“Richard Hartwell Johnson” Excerpt from a book:
Author: Clement A. (Clement Augustus) Lounsberry
Title: North Dakota history and people; outlines of American history (Volume 3)
Publisher: Chicago, The S.J. Clarke Pub. co.
Contributor: New York Public Library
From pages 115-116:
RICHARD H. JOHNSON
Richard H. Johnson, vice president of the First National Bank and accounted one of the valued, representative and honored citizens of Dickinson, was born at Eastford, Connecticut, in 1855. His father, Samuel A. Johnson, a native of Massachusetts, became a resident of Minnesota in 1856 and cast in his lot with the pioneer settlers of the St. Charles district, where he began farming. Subsequently he turned his attention to the hardware business, in which he was actively engaged to the time of his death, which occurred in 1910.
His wife, who bore the maiden name of Mary Cemantha Carpenter and is a native of Connecticut, is now living in St. Charles, Minnesota, at the advanced age of eighty-seven years.
Richard H. .Johnson was the second in order of birth in their family of six children, five of whom are yet living, one having died in childhood. He pursued his education in the public schools of Minnesota, and subsequently was graduated from the State University of Minnesota in the class of 1882, with the degree of B. S. Still later he entered the University of Michigan at Ann Arbor, where he completed a course in 1884. winning the LL. B. degree.. In the spring of that year he removed to Bismarck. He had first come to North Dakota in 1878, at which time he settled on land near Jamestown, and through the capable management of his business affairs he earned the money that enabled him to make his way through college. He worked on the farm through the summer months and continued his education through the winter seasons.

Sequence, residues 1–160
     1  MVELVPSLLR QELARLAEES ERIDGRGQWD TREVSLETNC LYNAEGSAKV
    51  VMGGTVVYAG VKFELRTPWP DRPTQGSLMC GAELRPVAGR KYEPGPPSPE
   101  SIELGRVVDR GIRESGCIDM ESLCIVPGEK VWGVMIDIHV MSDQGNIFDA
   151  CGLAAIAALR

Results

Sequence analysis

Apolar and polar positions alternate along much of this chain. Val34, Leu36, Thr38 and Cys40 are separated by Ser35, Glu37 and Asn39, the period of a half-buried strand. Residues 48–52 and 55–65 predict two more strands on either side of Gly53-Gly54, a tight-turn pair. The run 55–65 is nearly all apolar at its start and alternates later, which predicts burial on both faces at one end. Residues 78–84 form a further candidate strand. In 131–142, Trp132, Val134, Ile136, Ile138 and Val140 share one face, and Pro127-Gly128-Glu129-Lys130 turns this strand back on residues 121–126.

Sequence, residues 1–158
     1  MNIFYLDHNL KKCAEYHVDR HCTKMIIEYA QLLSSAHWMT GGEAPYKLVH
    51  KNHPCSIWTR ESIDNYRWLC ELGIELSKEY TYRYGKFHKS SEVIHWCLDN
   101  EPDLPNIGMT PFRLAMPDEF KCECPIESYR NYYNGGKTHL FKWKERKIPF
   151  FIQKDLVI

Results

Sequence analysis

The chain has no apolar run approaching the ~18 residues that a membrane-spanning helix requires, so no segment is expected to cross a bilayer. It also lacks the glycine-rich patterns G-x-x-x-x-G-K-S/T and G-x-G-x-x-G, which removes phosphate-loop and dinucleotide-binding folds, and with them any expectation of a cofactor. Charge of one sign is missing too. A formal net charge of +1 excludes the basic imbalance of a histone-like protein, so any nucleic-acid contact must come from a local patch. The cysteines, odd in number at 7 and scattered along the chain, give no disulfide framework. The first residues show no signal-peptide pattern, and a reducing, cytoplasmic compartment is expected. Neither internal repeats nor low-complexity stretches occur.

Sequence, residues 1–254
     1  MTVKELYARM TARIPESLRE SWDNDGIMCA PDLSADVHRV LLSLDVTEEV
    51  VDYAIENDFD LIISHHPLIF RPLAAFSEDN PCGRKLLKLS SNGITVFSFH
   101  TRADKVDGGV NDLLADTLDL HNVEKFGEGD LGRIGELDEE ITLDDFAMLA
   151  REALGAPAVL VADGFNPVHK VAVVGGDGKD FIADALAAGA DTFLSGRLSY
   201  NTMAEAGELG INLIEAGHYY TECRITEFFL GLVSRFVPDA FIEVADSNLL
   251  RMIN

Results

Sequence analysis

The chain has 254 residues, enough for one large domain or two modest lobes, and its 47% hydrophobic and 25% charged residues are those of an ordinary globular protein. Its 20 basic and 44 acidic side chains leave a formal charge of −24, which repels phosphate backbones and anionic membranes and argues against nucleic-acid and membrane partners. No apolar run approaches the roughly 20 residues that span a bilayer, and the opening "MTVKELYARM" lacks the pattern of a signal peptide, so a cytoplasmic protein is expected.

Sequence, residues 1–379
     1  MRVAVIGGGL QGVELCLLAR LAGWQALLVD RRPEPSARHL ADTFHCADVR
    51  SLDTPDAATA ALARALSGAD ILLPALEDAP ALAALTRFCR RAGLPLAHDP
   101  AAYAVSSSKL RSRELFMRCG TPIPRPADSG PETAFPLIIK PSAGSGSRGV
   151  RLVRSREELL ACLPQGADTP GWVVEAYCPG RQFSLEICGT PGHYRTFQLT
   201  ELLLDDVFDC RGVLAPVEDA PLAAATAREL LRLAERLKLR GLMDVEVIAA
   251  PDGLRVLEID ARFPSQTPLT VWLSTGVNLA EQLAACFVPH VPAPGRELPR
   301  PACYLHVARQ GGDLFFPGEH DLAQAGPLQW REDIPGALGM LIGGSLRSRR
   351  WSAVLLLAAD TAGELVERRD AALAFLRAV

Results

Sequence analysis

When he had prepared for the bar he opened an office at Bismarck, where he remained in active practice until 1889. In that year he arrived in Dickinson, where he now makes his home, and accepted the cashiership of the Stark County Bank, which had been established in 1886. In 1890 he became associated with A. Hilliard in organizing the First National Bank of Dickinson, which was capitalized at fifty thousand dollars. This was the second bank in the state west of the Missouri river. In 1905 thecapital stock was increased to one hundred thousand dollars with a surplus of fifty thousand dollars. From the organization until 1914 Mr. Johnson continued to occupy the position of cashier and was then elected vice president. The success of this institution is attributable in substantial measure to his enterprising efforts. Thoroughly conversant with every department of banking, he has always recognized the fact that the bank is most worthy of support that most carefully safeguards the interests of its depositors. In the conduct of the bank conservatism and progressiveness are evenly balanced factors and that the institution receives as well as merits public confidence and support is indicated in the continuous growth of its business, necessitating an increase in its capital stock. Mr. Johnson is also interested in farm lands and at an early period was extensively engaged in raising sheep and cattle when the free range was a feature of North Dakota.
In 1889 was celebrated the marriage of Richard H. Johnson and Miss Mary M. Poole, a native of Wisconsin and a daughter of Mr. and Mrs. Joseph Poole, who removed from Minnesota to Wisconsin and later to North Dakota, where their remaining days were spent, both passing away in Dickinson. Mr. and Mrs. Johnson have become the parents of five children: Hartwell P., who is employed in the First National Bank of Dickinson; Mary M., at home; Richard Watt, a mining engineer, who is a graduate of the State University at Grand Forks, while from the Idaho University he received his Master’s degree; Beth C, who is attending the university at Grand Forks; and Ward K., a student at the Dickinson high school.
In politics Mr. Johnson is an earnest republican and for two terms he was mayor of Dickinson, giving to the city a businesslike and progressive administration characterized by reform and progress. He has also been a member of the school board and of the library board and he was a delegate to the republican national convention which nominated Taft.
Fraternally he is connected with the Elks lodge of Dickinson and he is a Mason of high standing, belonging to the lodge, chapter and commander in Dickinson and to El Zagal Temple of the Mystic Shrine at Fargo. He has passed through all the chairs in the York Rite bodies in Dickinson and has also been an officer in the Elks lodge. Such in brief is the life history of Mr. Johnson, who may well be called a self-educated and self-made man, his record being such as an American citizen holds in the highest honor. His ability and the strength of his character have placed him in the creditable place which he now occupies in business circles and in public regard. ,